High Dose Probiotics: Is More Always Better?

// Danielle Huntsman, MS, CNS, LDN


High Dose Probiotics: is more always better?

With good gut health being at the forefront of medicine, would it be realistic to think of adding even more microorganisms to the gastrointestinal tract? The gastrointestinal tract is home to over 500 different bacterial species, containing over a trillion live organisms.1 These organisms influence not only our gut microbiota, but also other systems in the body.*2,3,4 The endogenous gut microbiota has antimicrobial and immune supporting benefits which support barrier function, IgG production, and aid in the synthesis of minerals and micronutrients*5,6 This highly structured system is ever-evolving and influenced by external factors, beginning with a person’s method of birth, genetic factors, and overall health.7,8 When reaching adolescence, a constantly changing environment, circadian rhythm, food intake, and gut motility can all influence the microbiota.9,10,11,12

As practitioners, one of the cornerstones of our education is that good health starts in the gut.

Defining Probiotics

As practitioners, one of the cornerstones of our education is that good health starts in the gut. Reestablishing gut health and reaching homeostasis in the microbiome can begin with dietary changes and a reduction in various environmental exposures. Until recently, high-dose probiotics were a relatively new term, with average supplement intervention of probiotics ranging from 1 billion to 50 billion. The effect of supplemental probiotics may vary depending on the delivery system, specific strains, and strain count. The use of probiotics with varying CFU counts has been shown to support the gastrointestinal tract as well as the immune system.*13,14 Is it possible that higher quantities may significantly alter environment at a rate that lower CFU count may not?*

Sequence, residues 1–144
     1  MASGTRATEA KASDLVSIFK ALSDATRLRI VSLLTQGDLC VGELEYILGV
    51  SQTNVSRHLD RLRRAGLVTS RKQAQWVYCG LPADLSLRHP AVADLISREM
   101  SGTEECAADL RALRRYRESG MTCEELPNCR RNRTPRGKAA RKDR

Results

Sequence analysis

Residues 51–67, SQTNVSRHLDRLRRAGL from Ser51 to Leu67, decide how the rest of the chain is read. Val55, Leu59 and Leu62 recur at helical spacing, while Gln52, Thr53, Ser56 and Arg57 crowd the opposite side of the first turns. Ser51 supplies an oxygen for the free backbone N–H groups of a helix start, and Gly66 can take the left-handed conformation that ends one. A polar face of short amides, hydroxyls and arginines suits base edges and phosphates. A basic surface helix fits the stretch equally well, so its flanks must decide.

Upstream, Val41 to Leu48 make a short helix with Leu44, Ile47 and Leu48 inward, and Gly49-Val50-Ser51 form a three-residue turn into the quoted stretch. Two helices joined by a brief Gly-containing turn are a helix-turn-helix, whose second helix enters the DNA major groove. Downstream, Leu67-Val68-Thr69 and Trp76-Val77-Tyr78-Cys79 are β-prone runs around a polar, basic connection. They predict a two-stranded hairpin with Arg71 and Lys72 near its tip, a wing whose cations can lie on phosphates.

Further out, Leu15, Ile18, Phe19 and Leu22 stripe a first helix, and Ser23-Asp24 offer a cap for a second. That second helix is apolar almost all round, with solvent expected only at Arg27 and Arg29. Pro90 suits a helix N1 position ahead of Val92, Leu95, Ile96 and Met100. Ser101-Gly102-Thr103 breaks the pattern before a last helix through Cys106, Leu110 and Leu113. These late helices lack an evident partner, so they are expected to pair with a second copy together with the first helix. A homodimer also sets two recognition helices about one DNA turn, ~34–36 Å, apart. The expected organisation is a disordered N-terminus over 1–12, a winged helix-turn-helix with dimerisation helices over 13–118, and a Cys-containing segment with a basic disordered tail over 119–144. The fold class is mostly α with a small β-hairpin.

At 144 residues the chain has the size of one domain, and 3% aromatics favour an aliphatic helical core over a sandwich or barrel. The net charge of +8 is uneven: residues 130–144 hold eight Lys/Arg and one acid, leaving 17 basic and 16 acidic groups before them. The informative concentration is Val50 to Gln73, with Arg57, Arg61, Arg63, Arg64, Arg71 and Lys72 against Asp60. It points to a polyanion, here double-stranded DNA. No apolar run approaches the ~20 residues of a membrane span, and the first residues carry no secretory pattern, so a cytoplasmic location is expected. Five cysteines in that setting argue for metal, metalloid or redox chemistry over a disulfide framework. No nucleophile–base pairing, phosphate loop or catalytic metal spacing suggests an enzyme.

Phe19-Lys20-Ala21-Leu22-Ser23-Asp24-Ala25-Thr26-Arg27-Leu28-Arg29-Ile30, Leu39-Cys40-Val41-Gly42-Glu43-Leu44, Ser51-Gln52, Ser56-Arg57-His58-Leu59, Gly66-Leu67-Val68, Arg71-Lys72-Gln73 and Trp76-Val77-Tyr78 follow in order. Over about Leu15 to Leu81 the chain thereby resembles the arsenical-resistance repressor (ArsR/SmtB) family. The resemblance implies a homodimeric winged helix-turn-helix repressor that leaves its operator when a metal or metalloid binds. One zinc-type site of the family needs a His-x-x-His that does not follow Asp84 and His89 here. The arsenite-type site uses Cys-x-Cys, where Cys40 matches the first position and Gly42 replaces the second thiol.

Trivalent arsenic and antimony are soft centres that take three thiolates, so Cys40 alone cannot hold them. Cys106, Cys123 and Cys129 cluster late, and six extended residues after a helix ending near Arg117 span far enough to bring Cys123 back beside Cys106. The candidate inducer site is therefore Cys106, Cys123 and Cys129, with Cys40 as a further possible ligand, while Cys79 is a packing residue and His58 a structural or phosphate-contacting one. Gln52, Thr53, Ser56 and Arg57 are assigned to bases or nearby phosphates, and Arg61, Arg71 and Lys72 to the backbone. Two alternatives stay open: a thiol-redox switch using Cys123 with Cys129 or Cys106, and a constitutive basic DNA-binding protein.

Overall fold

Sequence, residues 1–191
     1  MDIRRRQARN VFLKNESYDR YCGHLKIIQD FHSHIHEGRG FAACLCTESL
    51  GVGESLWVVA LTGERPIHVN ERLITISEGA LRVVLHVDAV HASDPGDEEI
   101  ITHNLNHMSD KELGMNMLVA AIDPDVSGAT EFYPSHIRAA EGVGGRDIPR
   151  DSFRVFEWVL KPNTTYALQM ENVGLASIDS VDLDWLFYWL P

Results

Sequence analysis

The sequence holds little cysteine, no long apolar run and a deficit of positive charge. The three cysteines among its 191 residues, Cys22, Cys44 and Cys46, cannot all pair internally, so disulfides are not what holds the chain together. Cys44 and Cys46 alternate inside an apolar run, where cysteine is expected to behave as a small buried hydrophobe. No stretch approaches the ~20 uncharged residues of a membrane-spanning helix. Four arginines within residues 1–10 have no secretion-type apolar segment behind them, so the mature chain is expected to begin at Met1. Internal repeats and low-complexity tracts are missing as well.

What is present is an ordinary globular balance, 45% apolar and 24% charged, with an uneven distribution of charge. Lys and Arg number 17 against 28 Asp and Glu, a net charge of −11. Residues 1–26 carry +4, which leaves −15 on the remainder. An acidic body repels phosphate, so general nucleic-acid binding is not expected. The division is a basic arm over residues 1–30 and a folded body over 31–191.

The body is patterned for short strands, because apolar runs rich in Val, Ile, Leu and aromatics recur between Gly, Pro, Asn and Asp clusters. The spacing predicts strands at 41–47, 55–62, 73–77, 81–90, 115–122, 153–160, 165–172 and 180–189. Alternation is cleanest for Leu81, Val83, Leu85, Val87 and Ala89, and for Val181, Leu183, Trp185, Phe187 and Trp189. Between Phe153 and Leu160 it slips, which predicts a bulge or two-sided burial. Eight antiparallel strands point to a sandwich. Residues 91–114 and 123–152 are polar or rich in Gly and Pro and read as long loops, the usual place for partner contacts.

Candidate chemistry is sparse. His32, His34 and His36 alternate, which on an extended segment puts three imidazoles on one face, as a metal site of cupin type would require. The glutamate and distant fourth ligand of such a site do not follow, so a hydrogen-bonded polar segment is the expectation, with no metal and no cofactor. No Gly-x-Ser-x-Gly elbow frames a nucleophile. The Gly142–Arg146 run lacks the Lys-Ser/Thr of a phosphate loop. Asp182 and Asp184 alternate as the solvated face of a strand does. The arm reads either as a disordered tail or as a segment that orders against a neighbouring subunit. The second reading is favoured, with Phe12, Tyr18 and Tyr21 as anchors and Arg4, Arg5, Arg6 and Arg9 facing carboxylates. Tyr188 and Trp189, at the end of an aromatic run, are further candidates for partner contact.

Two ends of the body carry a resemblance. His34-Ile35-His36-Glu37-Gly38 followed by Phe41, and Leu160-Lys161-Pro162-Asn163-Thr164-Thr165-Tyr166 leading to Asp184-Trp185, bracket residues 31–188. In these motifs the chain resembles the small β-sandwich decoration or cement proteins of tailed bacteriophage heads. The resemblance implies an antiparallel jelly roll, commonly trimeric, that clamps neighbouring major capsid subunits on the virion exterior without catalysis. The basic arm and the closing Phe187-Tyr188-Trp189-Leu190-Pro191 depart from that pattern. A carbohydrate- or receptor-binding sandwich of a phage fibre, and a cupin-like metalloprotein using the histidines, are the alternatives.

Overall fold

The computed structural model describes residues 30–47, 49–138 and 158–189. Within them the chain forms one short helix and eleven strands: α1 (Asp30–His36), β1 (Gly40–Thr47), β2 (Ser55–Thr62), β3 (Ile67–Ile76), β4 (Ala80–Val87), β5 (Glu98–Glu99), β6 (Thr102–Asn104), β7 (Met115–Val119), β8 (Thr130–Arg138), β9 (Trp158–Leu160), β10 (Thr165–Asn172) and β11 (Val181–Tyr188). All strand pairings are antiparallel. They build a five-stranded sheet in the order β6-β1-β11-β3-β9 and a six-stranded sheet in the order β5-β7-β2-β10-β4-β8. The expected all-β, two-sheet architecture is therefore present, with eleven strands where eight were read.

It would make sense: the higher the dose, the larger the benefit, right?

A Closer Look at Colony-Forming Units (CFU)

Research has shown that probiotics, both high and low CFU count, influence the host and support in reducing occasional digestive symptoms.*14,15 The results of a double blind, placebo controlled, dose-ranging study showed greater benefits for those taking a higher CFU count capsule when compared to half the dose or placebo.16 With each capsule containing 50 billion CFU of lactobacillus, the group receiving two capsules had a superior reduction in symptoms when compared to the other two groups, highlighting the use of a higher count of 100 billion CFU.

A systematic review and meta-analysis of 14 randomized control trials evaluated the effect of probiotics on transit time. The general analysis of these multiple trials (a total of 1,182 participants) was that probiotics, at a dose ranging from less than 1 billion up to 17.2 billion CFU, improved stool frequency.*